Why are thyroid conditions often undiagnosed?

Natasha Turner, ND
Alternative & Complementary Medicine
Thyroid conditions are often misdiagnosed because there is a wide range of what's considered "normal" with regard to thyroid hormone in the blood. Watch naturopathic doctor Natasha Turner, ND, explain why thyroid issues can easily go undiagnosed.
A recent study known as the Colorado Thyroid Disease Prevalence Study, found that 13 million Americans may have undiagnosed thyroid conditions, and suggested that more widespread thyroid testing is needed. Among their findings are the fact that 9.9 percent of the population had a thyroid abnormality that had gone unrecognized. An underactive thyroid, hypothyroidism, affects more women than men, and the risk increases with age for both men and women. Clearly, there is a need for more widespread thyroid stimulating hormone (TSH) testing and more aggressive treatment, especially for subclinical patients. Additionally, another study, called the NHANES study, showed that the reference ranges (for TSH) in most laboratories are too wide. Furthermore, relying on the TSH (being in the normal range) as the only way to define hypothyroidism may mean that still more millions are hypothyroid, but undiagnosed and overlooked.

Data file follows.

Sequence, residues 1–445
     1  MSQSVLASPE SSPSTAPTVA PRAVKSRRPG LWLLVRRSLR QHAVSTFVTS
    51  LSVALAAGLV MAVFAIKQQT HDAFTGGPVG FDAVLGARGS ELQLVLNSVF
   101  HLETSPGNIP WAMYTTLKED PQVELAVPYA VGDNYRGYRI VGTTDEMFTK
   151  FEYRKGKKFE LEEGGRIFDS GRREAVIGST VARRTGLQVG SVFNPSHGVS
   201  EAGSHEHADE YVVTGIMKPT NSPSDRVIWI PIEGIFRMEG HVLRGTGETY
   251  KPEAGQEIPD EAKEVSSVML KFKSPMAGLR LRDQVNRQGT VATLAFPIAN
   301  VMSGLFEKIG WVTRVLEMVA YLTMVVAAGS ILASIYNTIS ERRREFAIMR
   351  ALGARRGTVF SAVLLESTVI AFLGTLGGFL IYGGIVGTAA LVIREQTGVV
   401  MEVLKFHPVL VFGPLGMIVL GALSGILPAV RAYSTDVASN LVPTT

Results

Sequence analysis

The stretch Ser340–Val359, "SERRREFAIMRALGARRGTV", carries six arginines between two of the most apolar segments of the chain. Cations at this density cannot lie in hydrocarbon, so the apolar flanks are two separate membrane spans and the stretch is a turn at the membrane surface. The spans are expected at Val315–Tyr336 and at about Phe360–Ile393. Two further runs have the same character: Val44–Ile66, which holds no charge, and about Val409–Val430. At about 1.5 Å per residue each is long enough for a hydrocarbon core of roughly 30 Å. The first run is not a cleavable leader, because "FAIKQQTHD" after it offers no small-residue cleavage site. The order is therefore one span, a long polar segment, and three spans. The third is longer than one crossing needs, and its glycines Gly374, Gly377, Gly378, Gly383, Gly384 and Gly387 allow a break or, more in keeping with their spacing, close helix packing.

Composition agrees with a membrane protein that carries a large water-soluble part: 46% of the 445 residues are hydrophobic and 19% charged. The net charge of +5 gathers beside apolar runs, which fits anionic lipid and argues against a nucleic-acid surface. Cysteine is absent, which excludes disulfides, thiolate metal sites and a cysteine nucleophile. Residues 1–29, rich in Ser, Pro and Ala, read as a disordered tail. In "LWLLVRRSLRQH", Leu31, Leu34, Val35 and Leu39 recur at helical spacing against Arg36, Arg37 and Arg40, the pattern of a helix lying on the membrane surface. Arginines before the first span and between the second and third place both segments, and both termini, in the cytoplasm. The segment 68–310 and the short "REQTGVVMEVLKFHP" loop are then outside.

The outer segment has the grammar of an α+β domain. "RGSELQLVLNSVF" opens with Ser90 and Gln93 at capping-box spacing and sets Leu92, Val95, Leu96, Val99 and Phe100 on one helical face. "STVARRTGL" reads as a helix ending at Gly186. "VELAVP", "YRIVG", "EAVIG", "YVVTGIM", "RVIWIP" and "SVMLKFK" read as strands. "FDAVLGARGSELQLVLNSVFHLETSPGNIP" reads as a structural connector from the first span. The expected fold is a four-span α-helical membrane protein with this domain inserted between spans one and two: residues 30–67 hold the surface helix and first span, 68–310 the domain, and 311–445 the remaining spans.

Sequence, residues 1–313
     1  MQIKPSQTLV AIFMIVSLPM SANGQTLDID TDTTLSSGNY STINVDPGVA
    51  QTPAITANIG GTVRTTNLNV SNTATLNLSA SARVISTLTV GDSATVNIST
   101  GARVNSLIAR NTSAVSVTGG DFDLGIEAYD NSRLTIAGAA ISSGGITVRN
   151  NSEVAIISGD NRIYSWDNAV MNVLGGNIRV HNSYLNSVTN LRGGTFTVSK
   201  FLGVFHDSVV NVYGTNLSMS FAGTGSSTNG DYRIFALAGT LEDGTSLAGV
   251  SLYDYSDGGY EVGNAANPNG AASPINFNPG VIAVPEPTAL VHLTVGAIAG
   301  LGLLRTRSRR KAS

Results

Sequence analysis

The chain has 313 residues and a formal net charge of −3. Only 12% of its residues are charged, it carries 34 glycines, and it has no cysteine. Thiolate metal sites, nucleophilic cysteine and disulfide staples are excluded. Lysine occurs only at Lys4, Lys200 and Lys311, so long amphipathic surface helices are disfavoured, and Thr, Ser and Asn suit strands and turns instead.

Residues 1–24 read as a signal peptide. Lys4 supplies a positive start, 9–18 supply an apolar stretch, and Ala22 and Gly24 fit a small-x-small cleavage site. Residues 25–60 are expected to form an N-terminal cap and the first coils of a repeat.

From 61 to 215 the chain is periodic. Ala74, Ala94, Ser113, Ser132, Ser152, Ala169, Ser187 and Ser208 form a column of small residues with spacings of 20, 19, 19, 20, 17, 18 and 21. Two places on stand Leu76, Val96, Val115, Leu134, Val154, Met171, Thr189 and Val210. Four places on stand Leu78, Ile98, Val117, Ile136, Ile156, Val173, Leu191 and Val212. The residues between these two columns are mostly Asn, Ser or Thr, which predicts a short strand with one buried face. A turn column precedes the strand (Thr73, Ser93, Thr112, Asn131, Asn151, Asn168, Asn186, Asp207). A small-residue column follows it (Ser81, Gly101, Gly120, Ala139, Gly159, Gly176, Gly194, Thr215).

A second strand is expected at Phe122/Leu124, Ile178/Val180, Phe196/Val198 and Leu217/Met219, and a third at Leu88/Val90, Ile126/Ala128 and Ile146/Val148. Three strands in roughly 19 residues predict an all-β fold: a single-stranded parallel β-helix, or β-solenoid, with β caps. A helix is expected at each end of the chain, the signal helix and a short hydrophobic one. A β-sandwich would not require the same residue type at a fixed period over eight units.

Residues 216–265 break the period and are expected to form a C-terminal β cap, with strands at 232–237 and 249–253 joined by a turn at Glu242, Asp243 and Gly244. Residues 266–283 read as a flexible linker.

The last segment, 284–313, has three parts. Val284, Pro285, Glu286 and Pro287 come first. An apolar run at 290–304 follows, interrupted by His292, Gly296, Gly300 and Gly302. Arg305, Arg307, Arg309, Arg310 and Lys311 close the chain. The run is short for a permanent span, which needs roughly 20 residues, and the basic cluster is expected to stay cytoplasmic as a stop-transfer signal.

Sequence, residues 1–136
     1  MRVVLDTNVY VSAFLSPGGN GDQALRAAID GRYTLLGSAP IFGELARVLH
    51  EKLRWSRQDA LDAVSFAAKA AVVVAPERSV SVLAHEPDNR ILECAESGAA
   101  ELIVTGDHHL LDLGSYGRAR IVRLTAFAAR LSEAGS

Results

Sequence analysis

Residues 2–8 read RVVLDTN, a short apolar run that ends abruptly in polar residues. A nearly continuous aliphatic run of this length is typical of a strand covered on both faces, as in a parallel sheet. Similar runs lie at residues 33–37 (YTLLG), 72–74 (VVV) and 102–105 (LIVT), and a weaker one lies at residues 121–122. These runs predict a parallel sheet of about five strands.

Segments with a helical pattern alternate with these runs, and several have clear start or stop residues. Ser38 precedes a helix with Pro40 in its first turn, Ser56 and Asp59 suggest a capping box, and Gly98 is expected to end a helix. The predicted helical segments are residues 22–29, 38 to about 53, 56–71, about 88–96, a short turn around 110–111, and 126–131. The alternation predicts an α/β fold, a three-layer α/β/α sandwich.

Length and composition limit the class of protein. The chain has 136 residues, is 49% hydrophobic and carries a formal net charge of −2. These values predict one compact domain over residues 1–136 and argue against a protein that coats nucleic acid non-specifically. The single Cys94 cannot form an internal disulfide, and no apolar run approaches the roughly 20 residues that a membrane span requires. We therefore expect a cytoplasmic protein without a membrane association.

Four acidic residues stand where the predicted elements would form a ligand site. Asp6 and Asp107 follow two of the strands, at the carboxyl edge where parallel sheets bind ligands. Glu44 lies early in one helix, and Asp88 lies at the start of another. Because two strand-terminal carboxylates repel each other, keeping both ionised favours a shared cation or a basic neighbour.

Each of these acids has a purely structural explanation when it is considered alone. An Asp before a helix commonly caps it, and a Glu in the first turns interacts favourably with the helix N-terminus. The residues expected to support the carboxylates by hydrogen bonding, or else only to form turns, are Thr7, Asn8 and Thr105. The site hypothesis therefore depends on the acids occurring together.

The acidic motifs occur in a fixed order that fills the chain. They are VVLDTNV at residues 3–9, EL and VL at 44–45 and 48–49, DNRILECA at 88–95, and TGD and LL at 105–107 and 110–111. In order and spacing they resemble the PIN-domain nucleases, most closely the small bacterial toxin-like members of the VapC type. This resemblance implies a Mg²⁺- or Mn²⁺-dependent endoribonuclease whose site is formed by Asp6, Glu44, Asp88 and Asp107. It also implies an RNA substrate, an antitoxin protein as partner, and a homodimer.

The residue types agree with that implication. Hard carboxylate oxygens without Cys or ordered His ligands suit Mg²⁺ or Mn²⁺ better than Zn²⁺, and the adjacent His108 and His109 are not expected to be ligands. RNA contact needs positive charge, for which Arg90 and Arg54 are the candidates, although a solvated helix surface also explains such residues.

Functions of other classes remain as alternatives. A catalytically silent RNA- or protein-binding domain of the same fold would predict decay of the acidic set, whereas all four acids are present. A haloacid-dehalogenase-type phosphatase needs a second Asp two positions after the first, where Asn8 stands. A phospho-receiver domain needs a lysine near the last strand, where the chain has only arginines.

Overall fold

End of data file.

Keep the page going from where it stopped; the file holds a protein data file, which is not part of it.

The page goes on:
Continue Learning about Thyroid


A member of our endocrine system, the thyroid gland produces hormones that help control many of our body functions, such as weight and temperature.Located at the base of our neck, this butterfly-shaped gland makes several hormones...

, which are collectively known as thyroid hormones. These hormones are especially key in the brain development of infants and children. Thyroxine, also known as T4, is the primary hormone secreted by the thyroid gland; this hormone helps control our metabolism, a chemical process that turns our food into energy. A lack of iodine in your food can cause the thyroid to swell, a condition called a goiter. Several other disorders and diseases can affect this gland, including cancer. If you notice swelling in your neck or feel a lump, make sure you see your doctor; this could indicate a problem with this important gland.

Important: This content reflects information from various individuals and organizations and may offer alternative or opposing points of view. It should not be used for medical advice, diagnosis or treatment. As always, you should consult with your healthcare provider about your specific health needs.